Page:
Nurses Advocate for Continuous HIV Treatment During ARVs4Me Launch

In a groundbreaking initiative, nurses across various districts played a pivotal role during the launch of the ARVs4Me campaign. Launched in November 2023, the primary objective of the campaign has been to educate and inspire communities most impacted by HIV, emphasising the critical importance of initiating and maintaining antiretroviral treatment.

During these events, dedicated nurses have engaged communities in informative sessions, guiding individuals through various aspects of HIV treatment. Their efforts have focused on advising those infected and affected by the virus, stressing the significance of consistent treatment adherence. Participants have been immersed in activities designed to raise awareness about HIV treatment, debunk myths, and emphasise the importance of staying on the prescribed antiretroviral regimen.

During these activities, Anova Health Institute had the opportunity to speak to several nurses who shared their insights on treatment adherence in HIV. One of these nurses was Sister Corlette Sekgogoba, a dedicated professional nurse from the Diepsloot South Clinic who emphasised the relationship between ARVs and a client’s viral load. “ARVs don't kill the virus but stop HIV from multiplying and destroying CD4 cells, a vital component of the immune system responsible for combating germs and infections,” she said. “ARVs prevent HIV from causing harm to the body, and individuals on treatment live longer than those who are not.”

Sister Corlette also pointed out the importance of consistently taking medication, stressing that taking HIV treatment as prescribed suppresses the virus, reducing the risk of transmission to loved ones. She also highlighted the positive outcomes for pregnant women living with HIV, as proper treatment can reduce transmission to newborns, allowing for the birth of HIV-free babies.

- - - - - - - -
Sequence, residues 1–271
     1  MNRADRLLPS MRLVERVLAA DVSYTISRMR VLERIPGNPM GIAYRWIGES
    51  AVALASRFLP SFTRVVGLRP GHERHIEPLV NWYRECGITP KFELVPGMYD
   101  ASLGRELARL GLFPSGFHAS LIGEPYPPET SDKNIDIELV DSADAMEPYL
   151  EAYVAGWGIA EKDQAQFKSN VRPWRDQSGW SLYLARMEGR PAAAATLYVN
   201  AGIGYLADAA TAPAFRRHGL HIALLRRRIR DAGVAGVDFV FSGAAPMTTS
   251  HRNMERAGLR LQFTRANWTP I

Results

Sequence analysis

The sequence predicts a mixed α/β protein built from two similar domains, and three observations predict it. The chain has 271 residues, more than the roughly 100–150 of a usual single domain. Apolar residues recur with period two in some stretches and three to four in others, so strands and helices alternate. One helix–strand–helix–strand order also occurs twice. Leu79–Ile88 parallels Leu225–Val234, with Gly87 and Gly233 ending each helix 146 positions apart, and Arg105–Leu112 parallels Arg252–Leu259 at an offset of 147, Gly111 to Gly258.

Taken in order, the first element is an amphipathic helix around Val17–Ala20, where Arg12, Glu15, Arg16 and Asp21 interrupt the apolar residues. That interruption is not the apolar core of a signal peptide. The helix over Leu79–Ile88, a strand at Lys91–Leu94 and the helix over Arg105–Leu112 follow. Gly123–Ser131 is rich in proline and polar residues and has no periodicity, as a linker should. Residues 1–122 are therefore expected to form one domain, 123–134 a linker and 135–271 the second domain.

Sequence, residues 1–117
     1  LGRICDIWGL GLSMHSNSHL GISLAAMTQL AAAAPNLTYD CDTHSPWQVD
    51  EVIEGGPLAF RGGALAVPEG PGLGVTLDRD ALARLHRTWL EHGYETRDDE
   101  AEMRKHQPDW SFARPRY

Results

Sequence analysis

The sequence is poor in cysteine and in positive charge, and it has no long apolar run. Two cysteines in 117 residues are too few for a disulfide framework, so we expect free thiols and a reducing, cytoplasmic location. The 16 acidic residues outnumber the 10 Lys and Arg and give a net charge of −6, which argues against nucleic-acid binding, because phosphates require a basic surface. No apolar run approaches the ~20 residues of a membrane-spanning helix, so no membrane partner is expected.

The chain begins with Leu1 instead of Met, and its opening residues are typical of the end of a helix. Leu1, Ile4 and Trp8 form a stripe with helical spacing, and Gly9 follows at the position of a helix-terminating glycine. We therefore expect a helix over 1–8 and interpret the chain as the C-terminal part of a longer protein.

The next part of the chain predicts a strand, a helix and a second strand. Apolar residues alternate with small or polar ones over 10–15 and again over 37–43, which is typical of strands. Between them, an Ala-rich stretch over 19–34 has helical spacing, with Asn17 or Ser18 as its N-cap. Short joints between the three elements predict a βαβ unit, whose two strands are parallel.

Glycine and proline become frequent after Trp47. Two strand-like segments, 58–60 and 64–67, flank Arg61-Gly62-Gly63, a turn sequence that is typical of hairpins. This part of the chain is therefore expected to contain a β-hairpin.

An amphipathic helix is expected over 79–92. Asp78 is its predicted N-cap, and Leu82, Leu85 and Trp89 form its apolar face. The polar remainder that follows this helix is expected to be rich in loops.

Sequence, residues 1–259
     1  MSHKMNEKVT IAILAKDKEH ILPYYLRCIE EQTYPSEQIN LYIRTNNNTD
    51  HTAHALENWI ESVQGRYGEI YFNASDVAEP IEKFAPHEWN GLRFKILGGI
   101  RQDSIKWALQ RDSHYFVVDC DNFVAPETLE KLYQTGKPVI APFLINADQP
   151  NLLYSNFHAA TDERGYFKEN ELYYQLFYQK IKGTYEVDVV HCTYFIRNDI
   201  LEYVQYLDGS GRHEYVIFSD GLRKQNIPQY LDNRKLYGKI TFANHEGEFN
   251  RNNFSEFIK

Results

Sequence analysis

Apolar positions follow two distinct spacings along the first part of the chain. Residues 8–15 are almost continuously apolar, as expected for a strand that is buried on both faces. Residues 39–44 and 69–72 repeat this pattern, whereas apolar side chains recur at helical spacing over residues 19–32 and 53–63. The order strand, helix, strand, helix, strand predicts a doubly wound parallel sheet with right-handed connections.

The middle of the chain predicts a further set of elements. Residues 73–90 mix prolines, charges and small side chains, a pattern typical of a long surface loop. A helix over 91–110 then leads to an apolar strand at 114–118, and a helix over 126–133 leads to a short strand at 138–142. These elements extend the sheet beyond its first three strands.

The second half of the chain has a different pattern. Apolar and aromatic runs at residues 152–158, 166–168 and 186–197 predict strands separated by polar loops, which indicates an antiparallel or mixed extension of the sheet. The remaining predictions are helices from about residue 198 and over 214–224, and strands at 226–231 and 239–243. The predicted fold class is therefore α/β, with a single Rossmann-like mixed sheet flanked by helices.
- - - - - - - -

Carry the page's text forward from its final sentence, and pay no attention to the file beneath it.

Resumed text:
professional nurse diepsloot

To streamline the treatment process, Sister Corlette explained that blood tests are done regularly to monitor the HIV viral load. “If suppressed, individuals can conveniently collect their medication from designated pick-up points, minimising clinic visits to twice a year or every six months,” she explained.

For those who may discontinued their HIV treatment, Sister Corlette encouraged them to return to the clinic promptly. “A lapse in treatment could lead to a compromised immune system, increasing susceptibility to illnesses,” she said.

The ARVs4Me launch, led by our committed nursing teams, proved to be a resounding success, reinforcing the collective commitment to ensuring the well-being of communities affected by HIV.

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